Brain science is helping the ANA motivate learners to acquire knowledge and new skills.
Advancements in our understanding of how the brain works and responds are happening every day. So how can learning and development professionals leverage research into brain science to improve the way enterprise learners learn?
According to Gallup, we are now experiencing a worldwide employee engagement crisis. Only 32% of employees in the US today are involved, excited and enthusiastic about their job. The numbers are far worse when viewed on a global scale. Only 13% of workers worldwide are considered engaged.
Leveraging modern learning experiences that use brain science to help foster a strong internal learning culture is a core strategy companies can use to improve employee engagement. According to Deloitte’s Josh Bersin, companies with a strong learning culture have 30%-50% higher employee engagement and retention. Not only that, they’re 52% more productive and 17% more profitable than their peers.
The American Nurses Association (ANA) is the oldest professional association in the United States. It is responsible for the continuing education and professional development of 3.7 million registered nurses working in the country’s healthcare industry, and it’s been tapping into the latest learnings around brain science to deliver a more visually appealing, engaging and relevant modern learning experience to its professional members.
“Healthcare is a constantly changing industry,” says Terri Gaffney, Vice President of Product Development for the ANA. “We are continually evolving as an industry, steadily streamlining and improving patient care. We are evolving from a fee for service to outcome-based business model. These changes, among others, drive demand for continuous learning. However, only 57% of nurses today are reported to be engaged in their work. This has a direct impact on patient care, and patient outcomes.”
Recognizing the need for change, the ANA has embraced the very latest advancements in brain science combined with adult learning principles to improve learning effectiveness and engagement among its millions of members, who look to the organization for their professional development.
“Our challenge at ANA was to figure out how to combine the latest in brain-based learning with adult learning principles to improve learning efficiency and learner engagement,” says Gaffney.
Through a next-gen learning experience platform, the ANA has moved away from traditional learning approach, something Gaffney calls “death by PowerPoint” to an online continuing education model based on the latest principles of brain-based science.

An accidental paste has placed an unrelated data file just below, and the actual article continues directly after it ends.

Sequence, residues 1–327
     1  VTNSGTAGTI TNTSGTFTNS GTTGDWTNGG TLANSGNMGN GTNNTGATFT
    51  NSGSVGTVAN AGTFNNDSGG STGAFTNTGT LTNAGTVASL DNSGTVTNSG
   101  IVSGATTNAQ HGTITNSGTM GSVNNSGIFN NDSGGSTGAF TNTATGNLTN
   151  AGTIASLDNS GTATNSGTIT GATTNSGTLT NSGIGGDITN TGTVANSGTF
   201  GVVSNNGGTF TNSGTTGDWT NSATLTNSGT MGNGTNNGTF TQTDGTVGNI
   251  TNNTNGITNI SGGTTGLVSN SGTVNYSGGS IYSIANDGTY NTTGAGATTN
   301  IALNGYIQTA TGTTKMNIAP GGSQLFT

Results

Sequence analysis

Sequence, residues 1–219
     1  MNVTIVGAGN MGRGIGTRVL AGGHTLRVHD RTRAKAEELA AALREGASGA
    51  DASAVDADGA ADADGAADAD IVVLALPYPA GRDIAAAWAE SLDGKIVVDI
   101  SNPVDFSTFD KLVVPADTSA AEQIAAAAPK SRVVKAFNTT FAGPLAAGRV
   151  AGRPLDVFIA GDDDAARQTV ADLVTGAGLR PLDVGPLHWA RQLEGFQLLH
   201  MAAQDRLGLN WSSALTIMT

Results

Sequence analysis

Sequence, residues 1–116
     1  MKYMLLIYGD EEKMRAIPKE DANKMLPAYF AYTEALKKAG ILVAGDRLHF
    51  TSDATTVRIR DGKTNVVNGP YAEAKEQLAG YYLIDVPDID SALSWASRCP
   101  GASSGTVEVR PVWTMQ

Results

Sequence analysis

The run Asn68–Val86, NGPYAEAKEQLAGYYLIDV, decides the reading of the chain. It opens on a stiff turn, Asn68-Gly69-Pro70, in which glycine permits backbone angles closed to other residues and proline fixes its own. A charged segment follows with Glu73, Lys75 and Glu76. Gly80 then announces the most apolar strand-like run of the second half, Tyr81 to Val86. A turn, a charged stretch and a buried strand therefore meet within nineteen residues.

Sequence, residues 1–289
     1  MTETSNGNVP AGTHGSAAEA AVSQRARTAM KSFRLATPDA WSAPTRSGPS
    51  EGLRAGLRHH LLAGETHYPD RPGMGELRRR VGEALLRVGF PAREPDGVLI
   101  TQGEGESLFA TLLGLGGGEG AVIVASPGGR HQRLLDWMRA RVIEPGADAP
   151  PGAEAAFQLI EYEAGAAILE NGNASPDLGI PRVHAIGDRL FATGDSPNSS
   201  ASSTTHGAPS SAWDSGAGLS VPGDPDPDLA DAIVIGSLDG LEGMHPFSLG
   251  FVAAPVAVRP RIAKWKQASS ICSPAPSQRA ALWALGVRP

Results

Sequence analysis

“We wanted an innovative approach that facilitates the acquisition of knowledge and promote a deeper understanding of knowledge,” says Gaffney. “Learners—particularly mature adult professionals—today want to follow their own interests and want an education that is relevant and real. They want to work and connect with their peers. They don’t want to be lectured to. They want to be motivated to acquire knowledge and master new skills.”
Here’s how a social-inspired activity feed can encourage peer-to-peer collaboration:
The ANA taps into the three behavioral, cognitive and emotional constructs of learning to allow its members to learn using their five senses, bite learning off in smaller chunks, and personalize their learning paths for greater relevancy.
For instance, the organization offers learners pre-course work within its learning platform which ties into a learner’s experience and social networks. This helps prospective learners understand how the course will be relevant to them and help them master their learning gaps. Using online discussion boards, cohorts of learners from across the country are able to connect with peers, instructors, and assigned knowledge coaches. This provides members of the cohort with a strong sense of belonging and connectedness. Content is delivered in short bursts, and a quiz tool is used to provide immediate feedback to learners to reinforce learning. Assignments also allow learners to directly apply their learning. For learners seeking to further deepen their knowledge on a particular topic, the ANA also provides access to supplementary knowledge through videos, articles, and web pages.
“A key to learner engagement is creating a learning environment that is interesting relevant and welcoming,” says Gaffney. “At the ANA, we wanted to create a place where learners wanted to be, where they can see the value of their participation and get feedback, and where we could create a sense of community that brings learners together. Using the right technology to deliver the right content at the right time can go a long way to allowing learners to engage and be themselves. And numbers are telling us that we are on the right track.”